Facebook blocked in Myanmar as military rule tightens

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Image By: @thoughtcatalog | Unsplash

Myanmar is going through some pretty turbulent times as of late, with the recent coup plunging it back into direct military rule and resulting in the detention of, among others, de facto leader Aung San Suu Kyi. As if this wasn’t bad enough for the Southeast Asian nation’s democracy, the country’s generals recently ordered internet service providers to restrict access to Facebook as well.

As reported by Dawn, the coup has been met with intense criticism and opposition from civilians who have flocked to social media platforms, especially Facebook, to voice their dissent.

We have digital power […] so we’ve been using this since day one to oppose the military junta,” said activist Thinzar Shunlei Yi, who’s behind a so-called “Civil Disobedience Movement” fanning out across social media platforms.

Telenor, one of the country’s main telecoms providers, confirmed on Thursday that authorities had ordered it to “temporarily block” Facebook access.

The Norwegian-owned company said it had to comply but “does not believe that the request is based on necessity and proportionality, in accordance with international human rights law”.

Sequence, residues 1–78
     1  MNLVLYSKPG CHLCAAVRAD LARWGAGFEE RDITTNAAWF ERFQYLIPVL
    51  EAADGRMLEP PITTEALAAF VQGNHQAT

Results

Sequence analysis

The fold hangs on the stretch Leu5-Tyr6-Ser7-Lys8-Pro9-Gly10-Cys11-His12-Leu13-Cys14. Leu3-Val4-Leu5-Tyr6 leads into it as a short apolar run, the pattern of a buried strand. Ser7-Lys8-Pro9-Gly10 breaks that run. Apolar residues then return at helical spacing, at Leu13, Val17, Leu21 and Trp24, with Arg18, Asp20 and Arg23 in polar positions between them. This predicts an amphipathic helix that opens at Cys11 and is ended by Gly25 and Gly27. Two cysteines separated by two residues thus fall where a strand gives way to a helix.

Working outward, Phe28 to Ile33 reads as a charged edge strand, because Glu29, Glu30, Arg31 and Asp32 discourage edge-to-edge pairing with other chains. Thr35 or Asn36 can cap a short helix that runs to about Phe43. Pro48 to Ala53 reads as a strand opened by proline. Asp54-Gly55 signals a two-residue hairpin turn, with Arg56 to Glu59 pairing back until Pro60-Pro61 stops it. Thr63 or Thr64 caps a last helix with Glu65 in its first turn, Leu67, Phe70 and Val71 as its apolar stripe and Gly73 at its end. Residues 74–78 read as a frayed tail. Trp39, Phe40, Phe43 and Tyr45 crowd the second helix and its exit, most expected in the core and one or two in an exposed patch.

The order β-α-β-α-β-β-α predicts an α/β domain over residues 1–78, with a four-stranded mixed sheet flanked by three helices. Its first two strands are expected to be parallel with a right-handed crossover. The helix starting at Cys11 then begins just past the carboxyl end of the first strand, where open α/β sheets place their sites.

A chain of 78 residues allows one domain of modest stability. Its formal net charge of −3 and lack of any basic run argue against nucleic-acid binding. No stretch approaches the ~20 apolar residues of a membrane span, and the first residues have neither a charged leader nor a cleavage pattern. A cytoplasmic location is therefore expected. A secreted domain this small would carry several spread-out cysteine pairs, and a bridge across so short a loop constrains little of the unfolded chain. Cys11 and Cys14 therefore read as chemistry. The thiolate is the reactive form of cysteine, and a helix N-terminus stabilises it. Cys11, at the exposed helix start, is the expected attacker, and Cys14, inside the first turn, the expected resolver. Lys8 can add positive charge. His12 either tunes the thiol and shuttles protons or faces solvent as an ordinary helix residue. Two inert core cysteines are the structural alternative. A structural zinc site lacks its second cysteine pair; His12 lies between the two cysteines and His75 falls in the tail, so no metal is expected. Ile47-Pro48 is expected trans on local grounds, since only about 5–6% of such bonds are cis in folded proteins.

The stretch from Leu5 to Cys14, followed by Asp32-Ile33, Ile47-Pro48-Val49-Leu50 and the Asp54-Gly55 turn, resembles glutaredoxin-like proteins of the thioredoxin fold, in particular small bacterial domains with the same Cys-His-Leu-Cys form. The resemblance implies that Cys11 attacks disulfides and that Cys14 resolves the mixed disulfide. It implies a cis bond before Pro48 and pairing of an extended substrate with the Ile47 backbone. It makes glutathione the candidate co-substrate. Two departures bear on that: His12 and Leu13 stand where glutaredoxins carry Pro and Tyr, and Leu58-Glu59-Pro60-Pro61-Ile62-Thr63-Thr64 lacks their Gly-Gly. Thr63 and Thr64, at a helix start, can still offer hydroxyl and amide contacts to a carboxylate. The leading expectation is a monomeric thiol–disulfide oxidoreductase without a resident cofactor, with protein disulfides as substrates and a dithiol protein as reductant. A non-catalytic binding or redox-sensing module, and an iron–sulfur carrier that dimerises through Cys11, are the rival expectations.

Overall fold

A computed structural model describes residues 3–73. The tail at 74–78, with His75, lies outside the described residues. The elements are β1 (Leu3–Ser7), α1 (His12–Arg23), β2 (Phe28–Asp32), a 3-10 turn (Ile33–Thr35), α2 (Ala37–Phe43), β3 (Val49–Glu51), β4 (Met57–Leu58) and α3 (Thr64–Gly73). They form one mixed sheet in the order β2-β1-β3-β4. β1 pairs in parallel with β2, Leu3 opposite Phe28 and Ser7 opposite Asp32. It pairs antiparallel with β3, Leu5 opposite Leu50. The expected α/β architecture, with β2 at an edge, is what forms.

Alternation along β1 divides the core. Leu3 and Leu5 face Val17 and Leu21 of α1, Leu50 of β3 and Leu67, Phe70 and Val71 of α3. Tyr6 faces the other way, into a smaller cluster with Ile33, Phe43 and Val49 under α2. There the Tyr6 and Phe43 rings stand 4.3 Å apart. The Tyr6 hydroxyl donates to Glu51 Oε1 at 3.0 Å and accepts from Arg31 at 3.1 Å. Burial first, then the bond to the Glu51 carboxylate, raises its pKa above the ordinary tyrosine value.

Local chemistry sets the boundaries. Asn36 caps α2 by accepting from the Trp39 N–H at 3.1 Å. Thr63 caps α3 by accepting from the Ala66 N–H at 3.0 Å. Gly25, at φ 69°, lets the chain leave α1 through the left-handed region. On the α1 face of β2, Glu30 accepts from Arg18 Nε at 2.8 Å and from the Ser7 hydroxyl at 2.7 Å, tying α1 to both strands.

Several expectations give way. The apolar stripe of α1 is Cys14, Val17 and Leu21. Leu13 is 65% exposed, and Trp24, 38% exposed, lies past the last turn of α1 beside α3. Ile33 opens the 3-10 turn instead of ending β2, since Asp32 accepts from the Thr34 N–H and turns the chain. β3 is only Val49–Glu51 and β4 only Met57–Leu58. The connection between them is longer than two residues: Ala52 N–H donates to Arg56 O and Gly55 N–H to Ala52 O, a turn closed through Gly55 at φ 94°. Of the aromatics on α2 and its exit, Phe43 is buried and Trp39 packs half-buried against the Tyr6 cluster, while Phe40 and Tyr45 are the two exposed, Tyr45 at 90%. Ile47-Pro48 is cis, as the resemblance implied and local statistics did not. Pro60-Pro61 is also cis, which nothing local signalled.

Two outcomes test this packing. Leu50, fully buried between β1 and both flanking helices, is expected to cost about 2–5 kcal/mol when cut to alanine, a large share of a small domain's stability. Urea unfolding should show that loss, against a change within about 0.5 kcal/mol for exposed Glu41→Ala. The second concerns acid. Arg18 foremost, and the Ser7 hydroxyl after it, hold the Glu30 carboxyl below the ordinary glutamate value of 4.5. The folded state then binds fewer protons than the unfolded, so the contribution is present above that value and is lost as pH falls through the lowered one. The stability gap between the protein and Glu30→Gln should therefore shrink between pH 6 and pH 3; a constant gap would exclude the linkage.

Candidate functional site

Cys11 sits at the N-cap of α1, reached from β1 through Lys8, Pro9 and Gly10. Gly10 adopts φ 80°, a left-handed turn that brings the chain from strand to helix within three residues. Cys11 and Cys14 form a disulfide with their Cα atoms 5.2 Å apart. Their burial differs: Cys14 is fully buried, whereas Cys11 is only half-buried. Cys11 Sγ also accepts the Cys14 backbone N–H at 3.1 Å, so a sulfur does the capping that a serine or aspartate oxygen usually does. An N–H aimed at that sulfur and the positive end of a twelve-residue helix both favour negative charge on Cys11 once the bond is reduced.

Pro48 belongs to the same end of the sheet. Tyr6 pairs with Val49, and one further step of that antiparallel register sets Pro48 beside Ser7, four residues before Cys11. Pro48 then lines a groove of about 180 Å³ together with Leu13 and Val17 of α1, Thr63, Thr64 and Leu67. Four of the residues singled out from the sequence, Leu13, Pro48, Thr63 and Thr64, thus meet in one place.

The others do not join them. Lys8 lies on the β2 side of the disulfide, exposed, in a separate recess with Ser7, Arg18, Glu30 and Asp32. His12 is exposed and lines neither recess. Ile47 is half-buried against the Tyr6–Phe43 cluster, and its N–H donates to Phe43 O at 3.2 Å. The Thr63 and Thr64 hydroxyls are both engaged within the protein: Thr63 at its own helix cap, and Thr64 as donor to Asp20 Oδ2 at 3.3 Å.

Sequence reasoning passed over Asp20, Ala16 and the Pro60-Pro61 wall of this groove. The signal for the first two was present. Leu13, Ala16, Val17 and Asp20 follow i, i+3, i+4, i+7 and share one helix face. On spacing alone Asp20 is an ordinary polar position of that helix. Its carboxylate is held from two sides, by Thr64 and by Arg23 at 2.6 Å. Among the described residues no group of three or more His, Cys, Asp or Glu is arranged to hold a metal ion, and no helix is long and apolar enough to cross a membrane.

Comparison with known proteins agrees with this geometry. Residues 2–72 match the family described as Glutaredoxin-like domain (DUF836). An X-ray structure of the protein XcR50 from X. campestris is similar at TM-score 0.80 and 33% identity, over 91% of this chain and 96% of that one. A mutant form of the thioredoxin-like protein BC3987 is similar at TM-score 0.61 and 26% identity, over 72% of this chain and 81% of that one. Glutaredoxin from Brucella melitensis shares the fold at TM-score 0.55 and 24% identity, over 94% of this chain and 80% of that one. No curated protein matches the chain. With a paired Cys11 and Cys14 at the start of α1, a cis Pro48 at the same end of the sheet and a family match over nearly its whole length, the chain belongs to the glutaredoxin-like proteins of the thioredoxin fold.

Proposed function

Facebook confirmed access “is currently disrupted for some people” and urged authorities to restore connectivity.

NetBlocks, which monitors internet outages around the world, said the disruptions were also affecting Facebook-owned apps such as Instagram and WhatsApp.

For many in Myanmar, Facebook is the gateway to the internet and a vital way to gather information.

The first thing we look at each morning is our phone, the last thing we look at in the night is our phone,” Aye, a 32-year-old entrepreneur opposed to the coup, reportedly told AFP.

A small rally kicked off on Thursday in front of Mandalay Medicine University, saw protesters carrying signs that said “People’s protest against the military coup!”.

Local media said police arrested four people, although authorities could not confirm the detentions to AFP.

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